joel wiley 2
The passenger on the cell phone may have been talking with the pilot and distracted him.
Mark Hewines 1
Did he confirm that it was on a cell network and not on the on-board WiFi? This is beyond ridiculous.
usad 1
Airplane mode does not allow Wifi either. Wifi is another form of RF transmission. Not allowed.
usad 1
Bernie20910 1
Wanna bet? You can turn WiFi on in airplane mode. I have a couple of my old phones that I kept after upgrading and I use them around the house for things (with the proper app) like kitchen timers, TV remote, calculator, etc. On all of those I keep them in airplane mode and simply turn on WiFi so the apps can be updated over my home network.
jmilleratp 1
This passenger is a brainless idiot! Lord.
btweston 1
Wow. Now we're publicly busting off-duty pilots for messing around on a cell phone.

Way to go, America. Way to frickin' go.
paul trubits 4
It is about don't do as I do, do as I say.
joel wiley 2
Or 'ignore the man behind the curtain'
Joseph Henley 1
This story is dumb, just the other day I was sitting next to someone who was face timing during takeoff and have also sat next to someone who was talking on their cellphone as the plane was on it's take off role. Poor pilot will probably lose his job over someone being a little too nosey.
elcockm 0
so many people do that jus he is the first one to get caught. So what will happen to him will he lose his job
Colin Seftel -9
Uniform or not, the cabin crew failed to enforce the rule and shame on American Airlines for not accepting accountability for this.
btweston 2
Shame? No. Not even close.
30west 2
I believe that you are incorrect in placing blame on the AA FA's. (Based upon experience, I would suggest that if a jumpseater was out of line and an FA was aware, the FA would let the Captain know (and relish telling him) while enroute so he could ask for the jumpsetter to stop by the cockpit on the way out.)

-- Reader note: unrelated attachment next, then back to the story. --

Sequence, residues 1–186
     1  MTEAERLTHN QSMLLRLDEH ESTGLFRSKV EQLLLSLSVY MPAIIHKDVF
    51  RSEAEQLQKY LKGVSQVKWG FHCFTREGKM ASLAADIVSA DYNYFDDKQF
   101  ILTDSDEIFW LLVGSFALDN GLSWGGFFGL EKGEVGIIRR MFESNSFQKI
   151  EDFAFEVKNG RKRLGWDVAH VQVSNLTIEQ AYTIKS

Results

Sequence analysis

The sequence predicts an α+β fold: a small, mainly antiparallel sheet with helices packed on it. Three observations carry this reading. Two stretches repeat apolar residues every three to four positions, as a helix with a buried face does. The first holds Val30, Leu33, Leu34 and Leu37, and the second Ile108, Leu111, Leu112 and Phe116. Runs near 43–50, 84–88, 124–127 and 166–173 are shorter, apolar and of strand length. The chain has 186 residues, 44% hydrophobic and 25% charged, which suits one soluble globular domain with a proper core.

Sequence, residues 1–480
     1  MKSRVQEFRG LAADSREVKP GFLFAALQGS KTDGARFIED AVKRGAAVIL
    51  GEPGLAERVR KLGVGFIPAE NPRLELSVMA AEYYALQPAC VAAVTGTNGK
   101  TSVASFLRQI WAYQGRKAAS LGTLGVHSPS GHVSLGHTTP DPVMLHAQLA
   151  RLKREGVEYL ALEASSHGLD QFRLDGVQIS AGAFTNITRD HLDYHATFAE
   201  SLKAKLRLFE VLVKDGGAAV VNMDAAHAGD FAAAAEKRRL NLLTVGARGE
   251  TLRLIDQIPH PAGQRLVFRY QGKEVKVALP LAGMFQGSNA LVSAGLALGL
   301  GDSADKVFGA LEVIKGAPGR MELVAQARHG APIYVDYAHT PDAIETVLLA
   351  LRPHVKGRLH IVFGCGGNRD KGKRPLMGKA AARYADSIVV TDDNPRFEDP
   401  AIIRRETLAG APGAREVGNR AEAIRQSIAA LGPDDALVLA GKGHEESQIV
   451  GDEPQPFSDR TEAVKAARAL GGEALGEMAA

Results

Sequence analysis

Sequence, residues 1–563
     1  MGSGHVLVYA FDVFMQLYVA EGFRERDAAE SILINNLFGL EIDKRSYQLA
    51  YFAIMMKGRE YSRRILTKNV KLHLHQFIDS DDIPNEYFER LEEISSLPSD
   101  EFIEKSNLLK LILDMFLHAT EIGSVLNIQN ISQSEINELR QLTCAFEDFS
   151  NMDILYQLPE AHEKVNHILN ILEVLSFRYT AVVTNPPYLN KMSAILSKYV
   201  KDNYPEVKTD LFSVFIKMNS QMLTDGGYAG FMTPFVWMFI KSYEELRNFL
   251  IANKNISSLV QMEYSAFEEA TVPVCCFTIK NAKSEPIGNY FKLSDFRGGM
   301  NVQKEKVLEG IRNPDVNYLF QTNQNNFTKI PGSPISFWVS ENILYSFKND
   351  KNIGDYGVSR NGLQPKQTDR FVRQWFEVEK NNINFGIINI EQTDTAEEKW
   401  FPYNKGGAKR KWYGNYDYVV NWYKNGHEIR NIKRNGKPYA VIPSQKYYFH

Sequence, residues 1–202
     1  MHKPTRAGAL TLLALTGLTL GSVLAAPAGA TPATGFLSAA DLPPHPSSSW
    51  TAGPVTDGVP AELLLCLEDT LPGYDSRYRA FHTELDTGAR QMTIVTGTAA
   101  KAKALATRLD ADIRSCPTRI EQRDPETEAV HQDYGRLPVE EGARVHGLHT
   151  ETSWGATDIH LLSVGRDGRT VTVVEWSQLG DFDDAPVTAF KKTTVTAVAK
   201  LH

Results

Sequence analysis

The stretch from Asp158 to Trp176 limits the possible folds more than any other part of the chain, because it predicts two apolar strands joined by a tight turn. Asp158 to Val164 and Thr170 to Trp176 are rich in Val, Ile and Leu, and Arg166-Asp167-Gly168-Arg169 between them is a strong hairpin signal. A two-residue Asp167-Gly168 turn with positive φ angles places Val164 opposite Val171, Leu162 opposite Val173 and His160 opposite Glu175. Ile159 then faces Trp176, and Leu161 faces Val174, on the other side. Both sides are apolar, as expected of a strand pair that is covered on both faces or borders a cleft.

Actually, once the FA's make their final pass through the cabin and take their crew positions, they can't see what people are doing while seated, i.e. using cell phones. At that point of the taxi & TO, their final checks would have been completed. Once they are seated, compliance by pax is based upon their integrity. AA has nothing to apologize for at all. Its accountability is to notify the offenders company, which it did, and let his chief pilot have a chat with him.

The jump seating pilot from another carrier should not have been doing that, he set a very poor example. I believe crew members traveling in uniform have a special responsibility to comply with all the rules. I always am very conscience while in uniform and go out of my way not doing anything that puts our profession in a bad light, including watching the safety briefing which I know by memory from hearing it so many times.
Timothy McDonnell 2
More than crew members, even non-crew flying on benefits essp if you have your company ID with a logo on it hanging around your neck) are expected to abide by all FAA regs, and company decorum. That said maybe we should worry more about on duty crew members who leave their phones on.